More than a dozen years ago, one of the most important education and labor leaders of our time, Albert Shanker, posed a question that our nation has been grappling with ever since. "What would happen," he asked in a speech before the Pew Forum, "if we had a system where you had pay for performance in the sense of a series of graded sets of rewards, depending upon student outcome?"
Mr. Shanker envisioned a major restructuring of teacher compensation, one that would give teachers in the schools that made the most progress large bonuses, while teachers at schools that made little or no progress would receive no bonuses at all. Progress, he proposed, would be based on "gains in student outcomes, the value added [by the school]." What Mr. Shanker described was a model that rewarded success, a system that encouraged innovation and punished failure.
In business, these are everyday ideas: successful firms pay more for what's worth more: they create incentives that motivate employees to work harder and more effectively; when they're failing to produce results, they shut down. But these ideas are foreign to public education, which has long been characterized by life tenure, lock-step pay, and seniority, even though these values stifle motivation and provide no incentive for teachers to work harder and better. Over the years, many have argued that monetary incentives have no place in education systems. Mr. Shanker knew better. He pointed out that teachers were motivated by things besides money, but he concluded that it's very rare to find systems that work well without accountability and financial rewards.
Last week, we took a major step toward turning what Mr. Shanker and other dreamers have imagined into reality — at long last changing the incentive structure in our schools and starting to pay teachers more for demonstrating strong results. Mayor Bloomberg and I joined with the president of the United Federation of Teachers, Randi Weingarten, to announce a performance bonus plan for teachers.
Under our school-based bonus program, teachers at schools whose students achieve significant, measurable academic progress will receive cash bonuses. Teachers at schools that fail to help students learn and progress will not.
This program is a shift of dramatic and profound importance in that it ties a portion of teacher pay directly to improvements in student achievement, as measured by our sophisticated new accountability system.
It will make history in that it not only encourages individual performance but also motivates teachers to work together to make the entire school successful.
This school-based incentive structure, in effect, borrows an important concept from business — stock options. When companies give stock options to their employees, they attempt to align their employees' interests with those of the business' shareholders. If a company's stock rises, both the people who work at the company and the people who hold stock in the company experience a direct financial benefit. This gives employees an incentive to behave in ways that will enhance performance and thereby boost the company's stock price.
If only one employee is successful, the stock price is unlikely to rise significantly, just as in our plan, if only one teacher is successful, a school's students are unlikely to perform substantially better.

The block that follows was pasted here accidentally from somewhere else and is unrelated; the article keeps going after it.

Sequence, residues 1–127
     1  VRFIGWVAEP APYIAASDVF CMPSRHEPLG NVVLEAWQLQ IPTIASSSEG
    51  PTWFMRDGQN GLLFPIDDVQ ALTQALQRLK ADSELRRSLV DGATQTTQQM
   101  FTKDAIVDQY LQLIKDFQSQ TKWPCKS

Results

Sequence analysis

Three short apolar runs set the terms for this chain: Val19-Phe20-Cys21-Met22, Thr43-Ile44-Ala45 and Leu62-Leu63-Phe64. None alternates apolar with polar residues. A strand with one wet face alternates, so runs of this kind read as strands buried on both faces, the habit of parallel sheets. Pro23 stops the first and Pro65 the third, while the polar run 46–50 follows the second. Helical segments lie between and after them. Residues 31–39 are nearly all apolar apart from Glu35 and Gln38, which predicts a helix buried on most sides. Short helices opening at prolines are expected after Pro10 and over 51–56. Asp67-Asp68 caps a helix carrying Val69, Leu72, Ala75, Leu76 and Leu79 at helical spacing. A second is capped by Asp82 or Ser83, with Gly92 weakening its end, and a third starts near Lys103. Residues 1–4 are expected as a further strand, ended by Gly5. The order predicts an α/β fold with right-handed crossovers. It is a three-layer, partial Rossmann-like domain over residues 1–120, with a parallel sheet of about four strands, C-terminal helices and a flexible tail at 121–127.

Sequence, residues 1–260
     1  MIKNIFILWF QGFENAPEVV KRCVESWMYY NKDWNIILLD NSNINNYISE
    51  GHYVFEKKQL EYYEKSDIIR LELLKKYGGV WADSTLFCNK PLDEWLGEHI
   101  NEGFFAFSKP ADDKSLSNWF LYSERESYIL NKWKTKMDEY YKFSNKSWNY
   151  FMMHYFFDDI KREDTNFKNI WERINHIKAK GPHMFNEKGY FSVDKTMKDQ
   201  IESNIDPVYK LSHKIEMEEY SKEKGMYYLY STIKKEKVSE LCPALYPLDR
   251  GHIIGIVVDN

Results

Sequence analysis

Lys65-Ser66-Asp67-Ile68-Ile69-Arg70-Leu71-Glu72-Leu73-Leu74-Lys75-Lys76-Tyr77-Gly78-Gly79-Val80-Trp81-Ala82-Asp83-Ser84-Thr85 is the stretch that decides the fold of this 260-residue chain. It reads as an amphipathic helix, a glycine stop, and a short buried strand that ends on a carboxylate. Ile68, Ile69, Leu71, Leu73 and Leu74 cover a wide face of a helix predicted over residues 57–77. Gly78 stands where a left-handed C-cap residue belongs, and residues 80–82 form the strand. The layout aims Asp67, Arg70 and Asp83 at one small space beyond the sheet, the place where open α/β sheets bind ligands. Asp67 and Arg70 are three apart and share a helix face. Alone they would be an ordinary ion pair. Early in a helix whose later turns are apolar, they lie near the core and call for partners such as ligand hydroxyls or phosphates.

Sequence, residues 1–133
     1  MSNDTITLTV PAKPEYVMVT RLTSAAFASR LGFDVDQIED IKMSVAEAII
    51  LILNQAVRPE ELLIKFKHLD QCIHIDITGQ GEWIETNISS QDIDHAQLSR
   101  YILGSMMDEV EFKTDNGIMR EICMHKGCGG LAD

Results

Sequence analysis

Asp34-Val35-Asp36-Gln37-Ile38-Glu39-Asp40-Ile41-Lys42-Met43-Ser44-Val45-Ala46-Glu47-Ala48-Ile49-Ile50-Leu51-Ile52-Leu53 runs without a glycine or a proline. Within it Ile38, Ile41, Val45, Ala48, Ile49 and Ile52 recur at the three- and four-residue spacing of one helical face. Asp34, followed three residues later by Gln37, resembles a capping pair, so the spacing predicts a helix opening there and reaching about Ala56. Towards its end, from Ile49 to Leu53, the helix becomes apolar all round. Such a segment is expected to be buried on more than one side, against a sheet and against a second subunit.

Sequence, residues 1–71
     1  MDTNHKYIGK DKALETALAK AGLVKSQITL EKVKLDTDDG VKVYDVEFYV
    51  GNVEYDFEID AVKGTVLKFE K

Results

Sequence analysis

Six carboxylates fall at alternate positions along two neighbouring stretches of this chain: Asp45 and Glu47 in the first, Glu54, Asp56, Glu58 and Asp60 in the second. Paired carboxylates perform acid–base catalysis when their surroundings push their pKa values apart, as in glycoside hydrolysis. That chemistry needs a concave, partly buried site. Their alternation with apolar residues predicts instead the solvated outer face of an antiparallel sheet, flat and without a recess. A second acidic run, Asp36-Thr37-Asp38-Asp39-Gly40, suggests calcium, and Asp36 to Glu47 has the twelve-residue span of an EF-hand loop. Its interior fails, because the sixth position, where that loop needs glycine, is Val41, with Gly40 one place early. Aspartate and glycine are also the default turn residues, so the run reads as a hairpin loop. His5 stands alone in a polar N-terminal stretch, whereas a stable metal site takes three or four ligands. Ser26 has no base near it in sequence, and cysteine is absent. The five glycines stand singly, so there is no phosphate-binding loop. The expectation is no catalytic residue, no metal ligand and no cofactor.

Only if many are successful and only if the best teachers help their colleagues identify challenges and improve will entire schools succeed and will teachers then become eligible for more pay. This will encourage individual teachers to do their personal best. It also will encourage collaboration and teamwork, as teachers share both responsibilities and rewards.
In his Pew speech, Mr. Shanker described what a faculty meeting would be like at school with this sort of incentive system: "It's very important to imagine what teachers would say to each other," he said. "What do you think they would do about colleagues who were likely to drag down the school? What would they say if they didn't have enough math teachers in the school? Do you see how things like protecting teachers who aren't performing and a single salary structure become less desirable?"
Our plan does not mean that differences in individual teacher's performances don't matter — schools are entirely free to differentiate, rewarding the most successful teachers with more pay. Schools could even use the lure of cash bonuses to attract great teachers to take jobs on their faculties.
Since schools are held accountable for student performance — with real monetary rewards — the individual school should decide how best to distribute the rewards. This approach is fully consistent with our overall goal of transforming the system to a much more dynamic model of school-based empowerment from a top-down, bureaucratic decision-making.
The incentive program goes into effect this school year. In its first year, 200 of our highest needs schools will be eligible to participate and the bonuses will be privately funded. This will help these schools — some of the toughest in our city — to attract and retain great teachers, who can then be rewarded as their schools improve outcomes for students. We plan to double the number of schools participating in year two and begin funding the program with public dollars.
Paying for performance has long been a dream. This administration, working with the UFT, is making it a reality. I am confident that rewarding excellence will make a difference for teachers, for schools, and, most importantly, for the people who matter the most in public education — our students.
Mr. Klein is the chancellor of New York City's Department of Education.